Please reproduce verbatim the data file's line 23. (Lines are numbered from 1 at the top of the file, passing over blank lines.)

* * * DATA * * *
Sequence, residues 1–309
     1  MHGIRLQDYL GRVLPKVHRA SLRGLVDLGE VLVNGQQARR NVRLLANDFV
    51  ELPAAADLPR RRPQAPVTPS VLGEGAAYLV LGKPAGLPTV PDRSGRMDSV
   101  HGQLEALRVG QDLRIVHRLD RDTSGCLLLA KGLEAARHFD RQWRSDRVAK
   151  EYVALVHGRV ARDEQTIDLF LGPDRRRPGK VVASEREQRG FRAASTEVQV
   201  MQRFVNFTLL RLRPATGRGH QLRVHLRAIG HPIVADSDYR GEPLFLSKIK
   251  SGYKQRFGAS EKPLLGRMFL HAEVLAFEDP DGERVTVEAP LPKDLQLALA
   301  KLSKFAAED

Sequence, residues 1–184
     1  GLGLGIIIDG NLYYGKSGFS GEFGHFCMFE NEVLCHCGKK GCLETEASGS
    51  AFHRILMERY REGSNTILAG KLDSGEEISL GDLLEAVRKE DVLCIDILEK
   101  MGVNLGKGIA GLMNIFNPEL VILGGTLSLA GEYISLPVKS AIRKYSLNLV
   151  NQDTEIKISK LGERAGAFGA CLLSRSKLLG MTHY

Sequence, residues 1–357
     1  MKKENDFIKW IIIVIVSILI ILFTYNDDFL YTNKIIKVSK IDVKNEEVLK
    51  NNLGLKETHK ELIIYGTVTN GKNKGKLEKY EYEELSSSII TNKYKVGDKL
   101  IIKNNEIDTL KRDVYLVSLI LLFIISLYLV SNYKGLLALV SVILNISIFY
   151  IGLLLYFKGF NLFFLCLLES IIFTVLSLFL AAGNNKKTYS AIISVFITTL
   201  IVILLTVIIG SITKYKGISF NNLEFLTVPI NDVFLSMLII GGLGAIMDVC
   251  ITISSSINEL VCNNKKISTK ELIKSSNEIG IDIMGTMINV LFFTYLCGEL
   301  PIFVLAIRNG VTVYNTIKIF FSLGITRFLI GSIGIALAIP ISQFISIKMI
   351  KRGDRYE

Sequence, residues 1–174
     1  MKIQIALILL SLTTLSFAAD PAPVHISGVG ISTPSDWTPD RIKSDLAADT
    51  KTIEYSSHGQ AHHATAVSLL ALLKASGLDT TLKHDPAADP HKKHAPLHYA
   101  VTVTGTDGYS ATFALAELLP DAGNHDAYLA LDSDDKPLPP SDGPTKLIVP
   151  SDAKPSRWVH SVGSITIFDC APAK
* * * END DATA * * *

Sequence, residues 1–174